Over the past few months, Warren and I have shared some thoughts (and hopefully some useful tips) about presentations, and visualising data. Today, I’d like to suggest that one of the most valuable tools you’ll use in your work isn’t something you learned on a course, and isn’t an object provided by your employer (if you have one) – it’s a camera.
Now, if you’re a regular reader, you’ll know that both Warren and I feel that improving the quality of your images – whether graphical figures, or illustrative pictures – can have a huge impact on the efficacy of your argument. But while the internet has revolutionised our ability to access images, I think it’s well worth considering pictures you can take yourself.
We’ve all seen the stock images of well groomed people in suits, shaking hands in airy, light-filled offices.
But who wouldn’t prefer to see the meeting they’re actually in?
It’s not unusual for me to dig out my camera when I want to use images to illustrate a concept in a presentation. Here are a couple of examples.
When working with researchers or analysts, they often find it tricky to step back from the detail of their work, in order for them to decide what the key messages are, and how best to present them. In order to communicate this message, I decided to use the metaphor of a recipe. If you wanted to create a tasty dish, it would be a mistake to use all of the ingredients at your disposal.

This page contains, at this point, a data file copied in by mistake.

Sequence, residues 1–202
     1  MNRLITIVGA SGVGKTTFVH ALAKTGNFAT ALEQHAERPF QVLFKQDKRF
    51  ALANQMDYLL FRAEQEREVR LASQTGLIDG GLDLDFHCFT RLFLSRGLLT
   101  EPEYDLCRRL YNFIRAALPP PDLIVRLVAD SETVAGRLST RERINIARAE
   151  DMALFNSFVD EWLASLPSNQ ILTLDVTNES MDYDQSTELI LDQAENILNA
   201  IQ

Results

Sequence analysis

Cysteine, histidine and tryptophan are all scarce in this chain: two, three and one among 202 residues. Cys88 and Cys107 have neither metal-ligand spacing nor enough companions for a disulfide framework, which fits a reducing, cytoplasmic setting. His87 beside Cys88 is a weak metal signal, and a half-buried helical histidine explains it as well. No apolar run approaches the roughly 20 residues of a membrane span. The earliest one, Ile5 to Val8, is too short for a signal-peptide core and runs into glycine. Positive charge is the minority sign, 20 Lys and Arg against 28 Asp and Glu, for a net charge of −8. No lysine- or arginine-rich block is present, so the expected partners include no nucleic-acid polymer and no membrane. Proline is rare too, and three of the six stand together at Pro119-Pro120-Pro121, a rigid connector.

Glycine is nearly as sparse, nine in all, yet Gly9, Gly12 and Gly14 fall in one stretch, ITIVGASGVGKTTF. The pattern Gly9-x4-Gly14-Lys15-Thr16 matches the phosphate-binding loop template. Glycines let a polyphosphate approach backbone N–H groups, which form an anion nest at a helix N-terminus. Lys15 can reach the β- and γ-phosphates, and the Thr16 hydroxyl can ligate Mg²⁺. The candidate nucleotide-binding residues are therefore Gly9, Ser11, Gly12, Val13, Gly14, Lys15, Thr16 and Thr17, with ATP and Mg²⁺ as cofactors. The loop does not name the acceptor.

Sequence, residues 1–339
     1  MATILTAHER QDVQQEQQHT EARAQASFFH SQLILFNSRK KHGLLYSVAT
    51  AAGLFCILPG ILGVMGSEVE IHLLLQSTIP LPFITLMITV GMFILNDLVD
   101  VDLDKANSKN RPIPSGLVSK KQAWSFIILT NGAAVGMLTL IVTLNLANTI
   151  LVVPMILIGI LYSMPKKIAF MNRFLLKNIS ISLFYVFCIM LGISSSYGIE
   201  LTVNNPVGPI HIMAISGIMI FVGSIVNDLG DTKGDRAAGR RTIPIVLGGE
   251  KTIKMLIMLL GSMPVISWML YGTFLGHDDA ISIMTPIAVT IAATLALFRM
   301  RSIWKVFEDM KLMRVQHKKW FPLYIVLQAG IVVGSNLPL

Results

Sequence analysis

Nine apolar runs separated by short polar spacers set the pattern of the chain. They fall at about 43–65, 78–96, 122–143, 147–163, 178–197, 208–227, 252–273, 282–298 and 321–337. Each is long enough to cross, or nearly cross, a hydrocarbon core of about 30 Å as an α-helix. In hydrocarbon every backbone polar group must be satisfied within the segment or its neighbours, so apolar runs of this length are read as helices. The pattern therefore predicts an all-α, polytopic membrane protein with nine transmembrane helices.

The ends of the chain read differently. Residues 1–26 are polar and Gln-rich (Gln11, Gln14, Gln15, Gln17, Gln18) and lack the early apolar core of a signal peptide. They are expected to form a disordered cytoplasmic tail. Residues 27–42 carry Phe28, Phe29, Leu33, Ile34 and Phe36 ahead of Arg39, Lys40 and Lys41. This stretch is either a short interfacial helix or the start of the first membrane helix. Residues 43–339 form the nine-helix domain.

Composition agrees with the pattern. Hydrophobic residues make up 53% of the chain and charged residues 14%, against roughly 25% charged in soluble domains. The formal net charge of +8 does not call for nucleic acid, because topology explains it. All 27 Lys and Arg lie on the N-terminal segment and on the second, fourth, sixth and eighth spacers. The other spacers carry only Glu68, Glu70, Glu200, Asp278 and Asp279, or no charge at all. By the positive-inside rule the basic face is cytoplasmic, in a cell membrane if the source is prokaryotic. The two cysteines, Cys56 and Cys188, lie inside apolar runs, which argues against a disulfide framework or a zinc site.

You need to trust your experience and expertise to pick out the really important stuff.
Thank God, a custard and kiwi-free tomato sauce.
As Warren has described previously, there is something of a magical (and memorable quality about grouping items in threes. Setting aside ancient rules of rhetoric, I wanted to use a mnemonic to help people remember that I’d make three points; remembering that there are three points is the first step to remembering what they were, after all. As conceptual points, I lacked an obviously visual way of communicating them. So I decided to use an image which focused on the ‘three-ness’ instead.
You might think that you need a big swanky camera to take pictures good enough to be used in a presentation or report, but in fact the majority of the images I’ve used are taken on a small digital point-and-click camera. What’s more important is getting reasonable lighting (which is why, in both of my examples, the pictures were taken on my kitchen worksurfaces, where I could add all sorts of lights). I then used a free image editor (Microsoft Picture Editor, in my case) to crop the images and increase the saturation, or make other changes. And if you really don’t have time to conduct a mini photoshoot, don’t forget the power of the cameraphone – if you’re out and about, and spot a nice image, perhaps an entertaining contrast or even a 3D exploded pie chart in the wild, you can quickly snap it and put it into your next presentation; after all, when you’re taking your own pictures, you can be certain there are no issues with permission to use them!